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Citing Sources: Citing books and e-books

A guide to citing sources in MLA, APA, and Chicago format.

General Tips

General rules

If your source lacks one of the ingredients in the reference, you can ignore that ingredient and continue. For instance, if your book doesn‟t list an author, you can skip it and go on to the title.

Pay close attention to capitalization and italicized text.

For correct information, such as the book title, place of publication, and publisher, consult the title page of the book (not the book‟s cover). The copyright date is found on the page after the title page, next to the © symbol. For example, © 2009.

  • Book titles – Capitalize the first word of the title and the first word of the subtitle that comes after a colon. Capitalize proper nouns. Italicize entire title. 
    • Example: Making learning whole: How seven principles of teaching can transform education.
  • Article titles – capitalize first word of the title and subtitle only. No italics. No quotation marks. No underlining.
    • Example: Appraising, researching and conceptualizing criminal thinking: A personal view.
  • Journal titles – capitalize and italicize all significant words of the title.
    • Example: Journal of Psychology
  • Author names - When listing the author(s) of a source, a number of general rules should be followed across all publication formats. List an author‟s last name and use initials for the first and middle names. Include a space between the first and middle initial.

One Author                      
Lopez, M. T.

Two Authors                     
Lopez, M. T., & Fox, J.

Three or more Authors         
List each name for up to 19 authors. For 20 or more authors, after the 19th name use an ellipsis (three dots) … then put the final name after the ellipsis.

Organization as Author      
Pima Community College.

No Author                        
Skip the author and begin with title.

Common Abbreviations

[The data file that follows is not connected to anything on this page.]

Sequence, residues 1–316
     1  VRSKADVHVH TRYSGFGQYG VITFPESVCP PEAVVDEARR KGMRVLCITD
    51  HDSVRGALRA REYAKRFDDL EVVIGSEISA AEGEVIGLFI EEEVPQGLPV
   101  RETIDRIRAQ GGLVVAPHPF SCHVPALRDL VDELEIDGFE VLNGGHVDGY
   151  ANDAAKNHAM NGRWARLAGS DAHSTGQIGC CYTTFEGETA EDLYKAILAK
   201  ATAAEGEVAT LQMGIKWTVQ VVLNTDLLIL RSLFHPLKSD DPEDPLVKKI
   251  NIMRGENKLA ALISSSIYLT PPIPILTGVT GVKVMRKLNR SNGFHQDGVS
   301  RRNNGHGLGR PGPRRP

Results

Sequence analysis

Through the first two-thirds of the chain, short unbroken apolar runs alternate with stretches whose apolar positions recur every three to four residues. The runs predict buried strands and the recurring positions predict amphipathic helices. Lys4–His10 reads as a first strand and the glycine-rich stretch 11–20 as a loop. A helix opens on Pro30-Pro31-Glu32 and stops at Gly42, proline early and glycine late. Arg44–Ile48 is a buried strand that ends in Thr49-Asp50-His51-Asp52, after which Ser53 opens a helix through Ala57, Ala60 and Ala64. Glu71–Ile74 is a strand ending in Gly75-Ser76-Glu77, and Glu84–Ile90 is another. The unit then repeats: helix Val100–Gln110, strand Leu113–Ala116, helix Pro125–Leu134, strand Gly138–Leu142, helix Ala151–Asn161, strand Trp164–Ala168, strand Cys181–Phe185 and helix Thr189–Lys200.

Abbreviation Term
ed. edition
Rev. ed. Revised edition
2nd ed. second edition
Ed. (Eds.) Editor (Editors)
Trans. Translator
n.d. no date
Vols. Volumes (as in Vols. 1-4)
No. Number
Pt. Part

Books, Anthologies, and e-Books

General format for books

     Author Surname, Initials. (Year of publication). Title of book: Subtitle of book. Publisher.

Note: Links can be either active or inactive (ask your instructor if they have a preference)


Book with One Author

Dixon, W. E. (2003). Twenty studies that revolutionized child psychologyPrentice Hall.


Book with Two Authors

Mash, E. J., & Wolfe, D. A. (1999). Abnormal child psychologyCole-Wadsworth.

Book with Three or More Authors (or Editors)

Knight, C.J., Harwood, C.G., & Gould, D. (Eds.). (2018). Sport psychology for young athletes. Routledge.

List every name for up to 19 authors. For 20 or more authors, after the 19th name use an ellipsis (three dots)  … then put the final name after the ellipsis.

Book with Corporate Author

American Psychological Association. (1999). Publication manual of the American Psychological Association
       (6th ed.). 
If the publisher and corporate author are the same, leave out the publisher.

Electronic Book (E-Book)

Hersen, M., & Ammerman, R. T. (Eds.). (2000). Advanced abnormal child psychology (2nd ed.).

Lawrence Erlbaum Associates Publishers.

OER (Open Educational Resource) book

DeLancy, C. (2017). A concise introduction to logic. Open Textbook Library. Retrieved July 7, 2020, from

Graphic novel / comic book

Sutherland, T. T. (2018). Wings of fire: No. 1. The Dragonet prophecy (M. Holmes, Illus.). Graphix.

Book published in 2nd or subsequent edition

Helfer, M. E., Kempe, R. S., & Krugman, R. D. (1997). The battered child (5th ed.). University of Chicago Press.

Insert edition of book after the title of the book, abbreviating edition with ed.

Book with editor(s) instead of authors.

Torr, J. D. (Ed.). (2004). Crime and criminals. Greenhaven Press.

  • An edited book is a collection of articles or chapters, often written by various authors. If it has an editor instead of an author, indicate by using (Ed.) or (Eds.) after the names of the editor(s).
  • Use the example above if you are citing the book as a whole. To cite one of the chapters/sections in the book, see section below on Articles or Chapters within a Book

Translated Book

Berko, A. (2007). The path to paradise: The inner world of suicide bombers and their

dispatchers (E. Yuval, Trans.). Praeger Security International. (Original work published 2004)

Add translator in parentheses after title of book, abbreviating translator with Trans.


Work in an anthology or edited book

Brown, G. W. (2000). Emotion and clinical depression: An environmental view. In M.

Lewis & J. M. Haviland-Jones (Eds.), Handbook of emotions (2nd ed., pp. 75-90).

Guilford Press.

Electronic Article from an Online Dictionary or Encyclopedia

Baran, A., & Lifton, B. (2004). Adoption. In S. G. Post (Ed.), Encyclopedia of bioethics, (Vol. 1, pp. 68-74).


Dictionary or encyclopedia with no author for entry and no date

American Psychological Association. (n.d.). APA dictionary of psychology. Retrieved July 2, 2020, from

Only use a Retrieved date for sources which are regularly being updated and therefore do not have a publication date.